The 9/11 Memorial Museum under construction at ground zero has acquired its first artifact dealing with the capture and killing of Osama bin Laden -- a sign created by a Brooklyn artist after the attacks.
Cheryl Stewart, 48, a sculptor and scenic artist in Red Hook, created the sign in 2003 and posted it outside her home. It read, in a simple mix of black and red letters on an off-white background, "Where is Osama bin Laden?"
And every day, she updated the days that had gone by since the Sept. 11 disaster that bin Laden remained on the loose.
"It was one simple question that I wished other people had been asking," said Stewart in a phone interview with NBC New York.
Nine years and 232 days after the attack, she received an answer -- bin Laden had been killed.
After his capture and death at the hands of U.S. forces last month, an anonymous passerby in Brooklyn stuck a piece of notebook paper on the bottom of Stewart's sign that read "Dead."
Stewart donated the sign to the 9/11 museum collection late last month, where it will be on display when the museum opens next year.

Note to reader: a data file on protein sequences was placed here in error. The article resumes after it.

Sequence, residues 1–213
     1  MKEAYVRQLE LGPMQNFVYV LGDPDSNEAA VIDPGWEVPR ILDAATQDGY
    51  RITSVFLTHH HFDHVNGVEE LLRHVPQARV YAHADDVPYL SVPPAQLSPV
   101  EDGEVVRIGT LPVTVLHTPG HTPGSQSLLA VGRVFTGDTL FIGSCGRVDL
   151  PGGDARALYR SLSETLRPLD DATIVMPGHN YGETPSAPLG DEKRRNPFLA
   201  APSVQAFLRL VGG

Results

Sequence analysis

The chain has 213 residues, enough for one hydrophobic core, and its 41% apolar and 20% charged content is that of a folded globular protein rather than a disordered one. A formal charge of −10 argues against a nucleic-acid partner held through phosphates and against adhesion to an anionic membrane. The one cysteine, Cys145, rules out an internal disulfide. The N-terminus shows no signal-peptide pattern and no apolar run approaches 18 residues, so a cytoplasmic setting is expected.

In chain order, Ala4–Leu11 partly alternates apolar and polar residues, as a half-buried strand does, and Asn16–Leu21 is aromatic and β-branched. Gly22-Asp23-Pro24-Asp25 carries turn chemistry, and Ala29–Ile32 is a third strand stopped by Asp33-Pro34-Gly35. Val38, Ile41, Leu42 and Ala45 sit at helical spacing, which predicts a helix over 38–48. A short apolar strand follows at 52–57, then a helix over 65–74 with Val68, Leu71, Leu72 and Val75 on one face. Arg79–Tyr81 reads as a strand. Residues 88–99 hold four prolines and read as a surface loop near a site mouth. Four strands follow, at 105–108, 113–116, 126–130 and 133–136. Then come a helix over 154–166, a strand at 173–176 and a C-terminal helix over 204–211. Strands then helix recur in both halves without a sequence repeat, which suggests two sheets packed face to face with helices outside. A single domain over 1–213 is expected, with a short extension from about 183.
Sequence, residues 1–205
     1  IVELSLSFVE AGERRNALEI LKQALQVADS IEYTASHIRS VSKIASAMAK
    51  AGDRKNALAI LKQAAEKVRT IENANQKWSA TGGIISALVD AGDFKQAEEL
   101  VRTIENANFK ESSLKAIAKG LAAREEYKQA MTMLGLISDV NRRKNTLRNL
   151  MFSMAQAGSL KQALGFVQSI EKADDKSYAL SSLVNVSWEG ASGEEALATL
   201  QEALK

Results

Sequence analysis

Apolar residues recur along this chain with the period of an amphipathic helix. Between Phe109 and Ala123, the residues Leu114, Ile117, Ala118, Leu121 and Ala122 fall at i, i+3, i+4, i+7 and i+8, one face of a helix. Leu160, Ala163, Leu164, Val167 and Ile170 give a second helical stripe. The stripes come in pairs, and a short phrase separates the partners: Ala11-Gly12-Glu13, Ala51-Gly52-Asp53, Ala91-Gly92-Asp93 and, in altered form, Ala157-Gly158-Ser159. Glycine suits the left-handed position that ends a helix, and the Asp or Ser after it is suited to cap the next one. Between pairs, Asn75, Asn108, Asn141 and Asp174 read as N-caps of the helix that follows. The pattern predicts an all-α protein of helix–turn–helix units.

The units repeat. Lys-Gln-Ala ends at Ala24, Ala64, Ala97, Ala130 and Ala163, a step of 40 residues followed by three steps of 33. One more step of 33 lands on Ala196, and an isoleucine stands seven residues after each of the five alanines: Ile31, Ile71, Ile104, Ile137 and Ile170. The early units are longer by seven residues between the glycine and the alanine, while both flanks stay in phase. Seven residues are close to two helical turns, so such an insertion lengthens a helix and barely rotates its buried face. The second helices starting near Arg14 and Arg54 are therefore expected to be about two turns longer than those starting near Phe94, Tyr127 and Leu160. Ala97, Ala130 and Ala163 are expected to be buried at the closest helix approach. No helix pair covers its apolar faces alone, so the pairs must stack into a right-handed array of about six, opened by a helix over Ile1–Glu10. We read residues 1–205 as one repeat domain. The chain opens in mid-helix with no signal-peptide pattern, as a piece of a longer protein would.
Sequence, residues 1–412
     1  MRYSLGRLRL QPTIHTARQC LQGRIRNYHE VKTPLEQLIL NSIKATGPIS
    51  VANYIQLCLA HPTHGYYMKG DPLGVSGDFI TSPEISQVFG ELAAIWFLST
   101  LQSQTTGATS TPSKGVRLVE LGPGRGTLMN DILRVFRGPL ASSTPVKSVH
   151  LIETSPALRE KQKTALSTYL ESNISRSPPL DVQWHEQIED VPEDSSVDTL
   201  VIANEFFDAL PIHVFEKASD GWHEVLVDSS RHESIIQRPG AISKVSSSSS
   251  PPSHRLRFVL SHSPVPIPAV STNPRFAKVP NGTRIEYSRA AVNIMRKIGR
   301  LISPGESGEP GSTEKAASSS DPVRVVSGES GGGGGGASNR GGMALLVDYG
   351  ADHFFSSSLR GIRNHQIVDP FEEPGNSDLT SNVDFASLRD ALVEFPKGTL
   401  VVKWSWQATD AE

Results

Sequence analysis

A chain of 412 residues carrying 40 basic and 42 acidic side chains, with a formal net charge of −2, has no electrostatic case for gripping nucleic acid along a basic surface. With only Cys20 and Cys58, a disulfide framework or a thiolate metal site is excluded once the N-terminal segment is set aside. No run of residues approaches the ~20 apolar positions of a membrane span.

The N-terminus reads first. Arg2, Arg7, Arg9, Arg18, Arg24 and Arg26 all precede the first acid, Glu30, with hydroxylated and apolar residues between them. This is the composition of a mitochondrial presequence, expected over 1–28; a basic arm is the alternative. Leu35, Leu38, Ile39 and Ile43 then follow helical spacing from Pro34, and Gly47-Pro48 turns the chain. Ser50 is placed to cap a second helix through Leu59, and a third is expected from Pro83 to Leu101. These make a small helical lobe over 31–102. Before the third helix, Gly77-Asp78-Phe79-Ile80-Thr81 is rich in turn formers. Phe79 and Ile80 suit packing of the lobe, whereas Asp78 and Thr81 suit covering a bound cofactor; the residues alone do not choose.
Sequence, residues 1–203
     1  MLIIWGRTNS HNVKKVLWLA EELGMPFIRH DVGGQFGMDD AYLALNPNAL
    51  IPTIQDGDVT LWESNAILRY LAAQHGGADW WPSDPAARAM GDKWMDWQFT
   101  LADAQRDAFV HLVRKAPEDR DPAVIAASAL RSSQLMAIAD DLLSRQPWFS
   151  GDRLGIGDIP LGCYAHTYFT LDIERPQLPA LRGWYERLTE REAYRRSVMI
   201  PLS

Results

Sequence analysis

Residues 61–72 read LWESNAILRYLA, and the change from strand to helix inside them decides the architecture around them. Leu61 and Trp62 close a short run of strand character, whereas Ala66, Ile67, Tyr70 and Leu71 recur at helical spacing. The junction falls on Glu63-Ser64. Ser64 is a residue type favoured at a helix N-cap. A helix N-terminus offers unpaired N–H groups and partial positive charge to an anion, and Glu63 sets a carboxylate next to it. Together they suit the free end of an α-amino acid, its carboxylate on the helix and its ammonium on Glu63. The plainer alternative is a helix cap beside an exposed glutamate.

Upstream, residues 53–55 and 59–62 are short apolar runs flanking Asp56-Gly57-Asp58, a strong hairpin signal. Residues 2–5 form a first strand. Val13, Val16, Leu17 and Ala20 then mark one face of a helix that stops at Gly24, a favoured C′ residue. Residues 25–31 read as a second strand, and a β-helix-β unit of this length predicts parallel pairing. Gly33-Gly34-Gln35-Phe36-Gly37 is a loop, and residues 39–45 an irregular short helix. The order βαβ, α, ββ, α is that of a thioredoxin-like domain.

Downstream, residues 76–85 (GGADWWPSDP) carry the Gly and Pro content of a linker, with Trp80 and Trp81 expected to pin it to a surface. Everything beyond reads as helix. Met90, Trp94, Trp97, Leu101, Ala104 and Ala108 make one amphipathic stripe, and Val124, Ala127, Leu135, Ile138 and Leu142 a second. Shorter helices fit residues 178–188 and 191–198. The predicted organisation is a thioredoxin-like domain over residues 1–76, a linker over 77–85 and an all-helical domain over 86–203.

"I don't need to keep it," said Stewart of the sign. "It's great for it to go someplace where it belonged."
The sign that Stewart donated is not the original sign -- over the years she switched them out for redesigns or after weather damage.
She posted the first one in 2003 in response to the Iraq war, and intended it as a political message.
"We should have been chasing the criminal who killed 3,000 of my neighbors," said Stewart. "We weren't going after him -- I thought it was a travesty."
The sign that Stewart later donated was roughly three or four years old, she said, and had become a neighborhood landmark.
"Everybody knew it," she said.
Neighbors knew it to such an extent that, when Stewart was away from home, they would come and update the number of days elapsed since 9/11.
Jan Ramirez, chief curator of the 9/11 museum, said she wanted to preserve this sentiment in Stewart's sign. She said she was worried that someone would walk off with the sign to keep it as a trophy, and was happy when the artist agreed to hand it over to the museum.
"She was absolutely thrilled that we called, and said right off the bat 'You're the perfect place to have it,'" Ramirez said.
The museum will not open until 2012, but Ramirez said she already has an idea of where to display the sign.
"We want to make sure it will stand the test of time," she said.